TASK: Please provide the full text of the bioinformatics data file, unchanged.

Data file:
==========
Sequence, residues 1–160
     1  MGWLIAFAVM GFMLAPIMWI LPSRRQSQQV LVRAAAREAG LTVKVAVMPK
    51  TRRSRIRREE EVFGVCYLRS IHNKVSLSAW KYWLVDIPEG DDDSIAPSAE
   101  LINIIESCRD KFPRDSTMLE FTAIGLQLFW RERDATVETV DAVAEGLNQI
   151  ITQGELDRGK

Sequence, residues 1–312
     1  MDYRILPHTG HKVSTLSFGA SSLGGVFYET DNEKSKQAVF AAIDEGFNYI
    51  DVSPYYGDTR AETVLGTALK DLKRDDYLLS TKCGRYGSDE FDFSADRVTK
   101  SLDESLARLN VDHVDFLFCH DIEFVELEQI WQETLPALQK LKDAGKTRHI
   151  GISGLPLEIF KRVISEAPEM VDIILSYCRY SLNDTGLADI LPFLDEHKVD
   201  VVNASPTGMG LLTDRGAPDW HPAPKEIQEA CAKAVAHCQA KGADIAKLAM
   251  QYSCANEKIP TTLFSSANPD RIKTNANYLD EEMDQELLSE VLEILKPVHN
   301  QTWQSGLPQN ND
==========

Sequence, residues 1–160
     1  MGWLIAFAVM GFMLAPIMWI LPSRRQSQQV LVRAAAREAG LTVKVAVMPK
    51  TRRSRIRREE EVFGVCYLRS IHNKVSLSAW KYWLVDIPEG DDDSIAPSAE
   101  LINIIESCRD KFPRDSTMLE FTAIGLQLFW RERDATVETV DAVAEGLNQI
   151  ITQGELDRGK

Sequence, residues 1–312
     1  MDYRILPHTG HKVSTLSFGA SSLGGVFYET DNEKSKQAVF AAIDEGFNYI
    51  DVSPYYGDTR AETVLGTALK DLKRDDYLLS TKCGRYGSDE FDFSADRVTK
   101  SLDESLARLN VDHVDFLFCH DIEFVELEQI WQETLPALQK LKDAGKTRHI
   151  GISGLPLEIF KRVISEAPEM VDIILSYCRY SLNDTGLADI LPFLDEHKVD
   201  VVNASPTGMG LLTDRGAPDW HPAPKEIQEA CAKAVAHCQA KGADIAKLAM
   251  QYSCANEKIP TTLFSSANPD RIKTNANYLD EEMDQELLSE VLEILKPVHN
   301  QTWQSGLPQN ND